Approximately 1500 years ago John Philoponus proposed a simple and compelling argument for the existence of God: (1) Whatever comes to be has a cause of its coming to be; (2) The universe came to be; (3) Therefore, the universe has a cause of its coming to be.
Due to the influence of William Lane Craig — analytic philosopher, Christian apologist, champion of Philoponus’s position, and author of The Kalam Cosmological Argument — this argument and the family of subarguments that support it have come to be known as the Kalam Cosmological Argument (KCA). The term kalam comes from Medieval Arabic philosophy and broadly means “natural theology” or “philosophical theism.”
Despite being one of the most widely discussed and hotly debated arguments in philosophy today, it has been more than twenty-five years since any systematic presentation of the argument as a whole has been attempted. The present book helps remedy that situation, laying bare the logical structure of the KCA as it has emerged from continuous philosophical refinement. A handy taxonomy of major objections and replies to the KCA has been included as an aid to understanding the argument and its background literature.
This book breaks new ground by arguing that future progress on the KCA requires that the argument be situated within a substance-based metaphysics. In addition to providing an analytic account of substances, this book describes a modal theory sensitive to the possibilities and necessities that obtain for substances. With these conceptual tools, the characteristic thought-experiments supporting the KCA can be properly assessed.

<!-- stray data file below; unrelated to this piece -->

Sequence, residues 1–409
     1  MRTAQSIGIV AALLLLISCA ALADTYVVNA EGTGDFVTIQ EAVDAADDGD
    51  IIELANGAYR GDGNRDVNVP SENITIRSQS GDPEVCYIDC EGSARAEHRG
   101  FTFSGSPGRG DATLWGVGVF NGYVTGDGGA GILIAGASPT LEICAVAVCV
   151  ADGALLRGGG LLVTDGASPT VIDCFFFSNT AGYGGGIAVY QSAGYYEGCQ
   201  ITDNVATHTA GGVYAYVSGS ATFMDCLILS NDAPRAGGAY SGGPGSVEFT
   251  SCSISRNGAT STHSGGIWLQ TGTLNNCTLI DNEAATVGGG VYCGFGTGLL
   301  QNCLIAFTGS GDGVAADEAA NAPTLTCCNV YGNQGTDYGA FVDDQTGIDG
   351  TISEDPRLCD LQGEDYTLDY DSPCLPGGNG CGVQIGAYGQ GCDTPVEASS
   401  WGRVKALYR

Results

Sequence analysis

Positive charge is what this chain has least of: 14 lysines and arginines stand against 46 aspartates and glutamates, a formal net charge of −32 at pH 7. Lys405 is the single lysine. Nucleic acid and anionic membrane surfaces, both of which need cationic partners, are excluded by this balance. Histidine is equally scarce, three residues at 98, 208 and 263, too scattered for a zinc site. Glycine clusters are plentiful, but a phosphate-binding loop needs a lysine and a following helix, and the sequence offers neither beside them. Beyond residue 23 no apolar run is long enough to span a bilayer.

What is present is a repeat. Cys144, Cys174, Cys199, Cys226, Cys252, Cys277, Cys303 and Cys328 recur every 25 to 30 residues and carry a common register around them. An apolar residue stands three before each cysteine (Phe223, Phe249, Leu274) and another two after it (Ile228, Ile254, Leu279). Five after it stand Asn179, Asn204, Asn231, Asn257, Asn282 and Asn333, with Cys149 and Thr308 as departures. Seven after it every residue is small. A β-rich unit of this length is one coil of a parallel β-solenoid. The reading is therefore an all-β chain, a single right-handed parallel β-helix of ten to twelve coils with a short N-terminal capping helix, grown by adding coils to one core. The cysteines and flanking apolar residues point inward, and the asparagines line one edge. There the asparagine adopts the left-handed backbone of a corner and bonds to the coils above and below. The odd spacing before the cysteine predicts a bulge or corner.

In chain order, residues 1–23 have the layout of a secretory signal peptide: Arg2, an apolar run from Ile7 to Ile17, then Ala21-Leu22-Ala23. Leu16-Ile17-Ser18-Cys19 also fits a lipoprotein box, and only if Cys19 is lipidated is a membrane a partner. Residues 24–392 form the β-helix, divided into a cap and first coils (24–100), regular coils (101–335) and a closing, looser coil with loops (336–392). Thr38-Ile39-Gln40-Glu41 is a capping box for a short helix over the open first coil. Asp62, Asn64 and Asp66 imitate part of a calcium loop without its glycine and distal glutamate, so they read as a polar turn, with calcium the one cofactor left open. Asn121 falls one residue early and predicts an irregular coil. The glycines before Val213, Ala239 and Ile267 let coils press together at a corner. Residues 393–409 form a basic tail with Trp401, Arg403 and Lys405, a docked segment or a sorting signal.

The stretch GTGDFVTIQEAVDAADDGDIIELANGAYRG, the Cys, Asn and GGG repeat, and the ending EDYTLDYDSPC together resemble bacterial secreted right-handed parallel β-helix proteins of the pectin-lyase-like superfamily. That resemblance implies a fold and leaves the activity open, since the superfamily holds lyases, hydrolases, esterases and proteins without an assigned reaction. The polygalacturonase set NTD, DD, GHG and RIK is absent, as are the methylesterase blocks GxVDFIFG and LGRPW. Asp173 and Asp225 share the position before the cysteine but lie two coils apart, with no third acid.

Hardcover | $59.99
Published by Prometheus Books Jan 30, 2007| 315 Pages| 5-3/8 x 8-3/8| ISBN 9781591024736
“Mark Nowacki’s book is clearly and elegantly written, and does an especially good job of making the mathematical background of the controversies surrounding the idea of an actual infinite accessible to lay readers. The central thesis of the book – that the impossibility of an infinite past can best be demonstrated when the argument is cast in terms of ‘real-substantial’ possibility – is quite novel, and will be sure to provoke a good deal of critical comment. This is a significant contribution to the literature on the kalam cosmological argument, and will be essential reading for anyone doing serious research on this topic.”
WES MORRISTON Professor of Philosophy, University of Colorado-Boulder
“It is gratifying that the ancient kalam cosmological argument, so long neglected by post-Kantian philosophy, is at last receiving renewed philosophical attention. Mark Nowacki not only surveys thoroughly the current discussion of the argument but contributes positively to it, principally by his proposed analysis of the crucial modal notions employed in the argument and so often misunderstood by its critics.” WILLIAM LANE CRAIG Research Professor, Talbot School of Theology Biola University